17th November 2020

The science (ish) around teething

Ever had a wisdom tooth erupt? Well, it really BLOODY hurts, and that’s just one (or two if you’re unlucky) tooth coming in at a time. Imagine how crap it must be for a poor baby who can have several coming all at once.

Teething is a bit of a mystery as there isn’t much evidence or scientific study on the area due to ethics (you can’t test on babies, it’s not cool).  Much of what we know therefore is anecdotal and/or  common sense… Saying that, we did garner the following facts from Mush’s dentist friend Katie Davis from Habox.

Is my baby teething?

Around 6 months you can expect your baby’s first tooth to arrive. Babies usually get their first teeth around 6 months (but it can vary widely, from birth to after 12 months).  It is usually the bottom front ones, and the tell tale signs that one is about to pop into their mouth are:

  • Red flushed cheeks
  • Lots of dribble
  • Loss of appetite 
  • General grumpiness

Clean your hands and have a good feel around the gums, the lower front teeth usually come first and you’ll be able to feel the harder area of the gum, or even see the bulges of the teeth making the gum look translucent in that area. 

What else could it be?

It is widely suggested that  babies can have a high temperature when they are teething. There is no scientific evidence to back this up, so if your baby has a temperature please see the NHS website, or call 111/your GP. 

How long will it last?

It can take up to several months from when a tooth first starts to erupt to it being fully in position. 

There are many ways to minimise teething pain, but each child is different and what works for one child might not for another. But don’t despair, there are lots of techniques you can try.

Try these first;

Keeping your baby’s mouth clean. It will reduce bacteria in the mouth which will help with teething pain.

  • Before the teeth have erupted, use baby dental wipes. They are soothing and can also be stored in the fridge so they have an additional cooling effect on the gums.
  • Once teeth have started to erupt, we advise brushing the gums with a soft toothbrush (we of course think our bamboo toothbrush is the best!) and @brushbabyuk have a baby toothpaste that is applemint flavour with additional chamomile that will also sooth the gums.

Relief of pain

  • Chewing provides a soothing distraction for babies, and this gentle pressure massages the gums which alleviates pain. Most products can be kept in the fridge (NEVER the freezer) to provide additional relief.
  • Cold foods like yoghurt, hummus, watermelon and cucumber batons can be super soothing to inflamed gums. Mushy foods like a mashed banana or avocado – even if your little one has mastered tough textures – can also be a great solution. Just avoid anything with too much acid (tomatoes, citrus fruits) as these can make things worse for sore mouths!
  • Frozen foods are also brilliant for teething babies to gnaw, wait 10 minutes to allow them to thaw first.  Thawed frozen bananas work great, mamamade’s chickpea panisse are great for this, or frozen berries in a teething mesh can also work wonders. 
  • If you’ve been weaning your baby onto solids, the pain and discomfort of teething may put them off their food completely. They may prefer more milk than usual. There’s no need to stress, and avoid forcing them to eat if they’re not in the mood. Mealtime should remain a positive, reassuring experience for them. They’ll come right back to their solids when the pain has subsided!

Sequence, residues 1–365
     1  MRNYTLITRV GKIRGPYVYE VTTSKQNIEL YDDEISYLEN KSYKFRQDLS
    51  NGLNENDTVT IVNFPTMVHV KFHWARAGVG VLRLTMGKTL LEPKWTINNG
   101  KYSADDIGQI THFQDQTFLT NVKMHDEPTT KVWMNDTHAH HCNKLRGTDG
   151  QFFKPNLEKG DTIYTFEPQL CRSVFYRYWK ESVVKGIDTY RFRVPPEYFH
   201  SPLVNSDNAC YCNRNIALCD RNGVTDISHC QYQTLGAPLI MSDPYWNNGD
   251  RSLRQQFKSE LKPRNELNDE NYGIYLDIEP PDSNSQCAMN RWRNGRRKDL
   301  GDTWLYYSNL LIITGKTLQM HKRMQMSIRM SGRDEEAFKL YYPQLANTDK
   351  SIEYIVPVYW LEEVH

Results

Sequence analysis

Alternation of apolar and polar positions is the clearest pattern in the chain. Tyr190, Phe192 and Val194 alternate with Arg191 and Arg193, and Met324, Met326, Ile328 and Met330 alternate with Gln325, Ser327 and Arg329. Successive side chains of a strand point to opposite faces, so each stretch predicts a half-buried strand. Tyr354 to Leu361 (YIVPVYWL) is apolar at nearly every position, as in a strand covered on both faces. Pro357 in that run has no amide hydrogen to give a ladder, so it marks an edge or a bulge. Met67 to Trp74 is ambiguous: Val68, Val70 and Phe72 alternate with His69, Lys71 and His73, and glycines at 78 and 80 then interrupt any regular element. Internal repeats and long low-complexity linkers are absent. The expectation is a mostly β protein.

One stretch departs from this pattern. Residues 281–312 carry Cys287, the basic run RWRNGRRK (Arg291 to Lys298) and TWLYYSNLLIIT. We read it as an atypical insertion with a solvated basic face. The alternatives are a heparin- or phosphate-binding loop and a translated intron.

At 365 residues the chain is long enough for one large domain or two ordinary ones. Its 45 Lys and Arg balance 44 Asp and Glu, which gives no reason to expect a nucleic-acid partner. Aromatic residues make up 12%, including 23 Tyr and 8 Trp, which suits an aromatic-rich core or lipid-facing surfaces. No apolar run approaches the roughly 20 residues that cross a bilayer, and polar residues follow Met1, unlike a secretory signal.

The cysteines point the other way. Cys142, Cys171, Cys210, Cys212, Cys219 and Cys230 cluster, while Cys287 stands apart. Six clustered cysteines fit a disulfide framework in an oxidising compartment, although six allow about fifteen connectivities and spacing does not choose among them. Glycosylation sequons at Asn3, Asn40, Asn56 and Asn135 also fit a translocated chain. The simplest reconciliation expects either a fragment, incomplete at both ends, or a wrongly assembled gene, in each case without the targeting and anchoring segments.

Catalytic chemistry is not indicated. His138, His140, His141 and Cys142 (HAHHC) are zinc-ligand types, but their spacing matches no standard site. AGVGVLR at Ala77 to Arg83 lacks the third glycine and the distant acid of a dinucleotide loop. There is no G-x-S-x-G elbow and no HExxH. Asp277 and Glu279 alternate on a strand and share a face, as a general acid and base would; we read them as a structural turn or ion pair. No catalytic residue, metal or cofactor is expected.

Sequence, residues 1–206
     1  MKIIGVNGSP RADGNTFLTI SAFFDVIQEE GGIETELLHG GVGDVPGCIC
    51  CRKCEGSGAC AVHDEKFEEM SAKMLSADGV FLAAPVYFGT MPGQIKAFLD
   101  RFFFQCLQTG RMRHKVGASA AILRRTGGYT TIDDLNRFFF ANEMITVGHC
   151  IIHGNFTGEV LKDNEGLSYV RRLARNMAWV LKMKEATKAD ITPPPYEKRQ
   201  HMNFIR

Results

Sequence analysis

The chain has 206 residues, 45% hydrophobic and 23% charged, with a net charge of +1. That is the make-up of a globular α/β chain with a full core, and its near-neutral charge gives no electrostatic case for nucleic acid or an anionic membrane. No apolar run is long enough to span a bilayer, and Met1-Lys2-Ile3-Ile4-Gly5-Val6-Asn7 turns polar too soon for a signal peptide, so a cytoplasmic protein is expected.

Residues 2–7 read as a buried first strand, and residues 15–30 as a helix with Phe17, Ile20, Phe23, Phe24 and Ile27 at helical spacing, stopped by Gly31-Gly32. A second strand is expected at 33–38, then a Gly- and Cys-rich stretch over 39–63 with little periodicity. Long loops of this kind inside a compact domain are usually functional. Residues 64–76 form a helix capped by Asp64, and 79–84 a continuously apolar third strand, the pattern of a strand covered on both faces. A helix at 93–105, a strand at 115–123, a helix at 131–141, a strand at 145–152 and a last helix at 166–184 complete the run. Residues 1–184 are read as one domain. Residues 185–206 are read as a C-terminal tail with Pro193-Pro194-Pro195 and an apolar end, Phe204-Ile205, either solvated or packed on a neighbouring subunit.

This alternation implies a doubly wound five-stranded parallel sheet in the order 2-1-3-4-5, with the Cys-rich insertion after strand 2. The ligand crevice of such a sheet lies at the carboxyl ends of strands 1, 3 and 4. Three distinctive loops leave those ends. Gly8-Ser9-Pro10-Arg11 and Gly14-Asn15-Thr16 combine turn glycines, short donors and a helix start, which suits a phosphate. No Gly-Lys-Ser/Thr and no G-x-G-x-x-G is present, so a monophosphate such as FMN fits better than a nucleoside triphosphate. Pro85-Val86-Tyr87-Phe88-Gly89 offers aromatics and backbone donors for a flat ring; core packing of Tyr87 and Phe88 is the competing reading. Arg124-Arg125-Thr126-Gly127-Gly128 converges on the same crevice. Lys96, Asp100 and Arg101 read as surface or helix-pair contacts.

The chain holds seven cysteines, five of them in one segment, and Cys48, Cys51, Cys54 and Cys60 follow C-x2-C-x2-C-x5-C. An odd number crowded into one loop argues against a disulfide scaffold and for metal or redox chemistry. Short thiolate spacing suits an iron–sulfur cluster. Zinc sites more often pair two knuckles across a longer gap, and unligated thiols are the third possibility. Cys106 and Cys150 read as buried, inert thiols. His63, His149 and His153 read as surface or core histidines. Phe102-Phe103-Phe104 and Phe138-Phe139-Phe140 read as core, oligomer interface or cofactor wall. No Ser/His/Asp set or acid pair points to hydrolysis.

• Cuddles & Love 

Other options to consider: 

  1. Painkillers 
    • If your baby is in pain, you may want to give them a sugar-free painkilling medicine. Paracetamol or ibuprofen can be given to relieve teething symptoms in babies and young children aged 3 months or older. 
    • Children under 16 years old should not have aspirin. 
    • Always follow the instructions that come with the medicine. 
    • If you’re not sure, speak to your GP or pharmacist.
  2. Homeopathic remedies 
    • Despite limited evidence of their efficiency I have met lots of parents, including dental professionals, who swear by homeopathic remedies. I would always recommend trying the above options first, however if you want to try these please see your pharmacist as they can advise ones that are licensed for use in the UK. 
    • The Medicines & Healthcare products Regulatory Agency has a list of licensed homeopathic gels.
  3. Teething gels 
    • A recent study (1) by the British Society of Dentists found that 9 out 14 teething products licensed for use in the UK contained sugar, alcohol or numbing gel, all of which have potentially harmful side effects for babies. 
    • If you are finding the above options providing limited relief  buy from a pharmacist and never from the internet.

Ultimately, it is a self limiting normal physiological process that will pass (even if it feels like it won’t).  So, do whatever you need to get through it, and as always lean on your dental professionals for advice and help if you need it. 

And remember, once those teeth have appeared, they need to be checked by a dentist.

Because of coronavirus (COVID-19), changes have been made to routine dental treatment. In England, some routine dental treatments like check ups are available again. 

  • If you have a dentist, contact them by phone or email to find out if they are able to book routine appointments. 
  • If you don’t have a dentist, use NHS 111 online
  • If you cannot find an NHS dentist, you can contact NHS England’s Customer Contact Centre on 0300 311 2233, who will be able to help.
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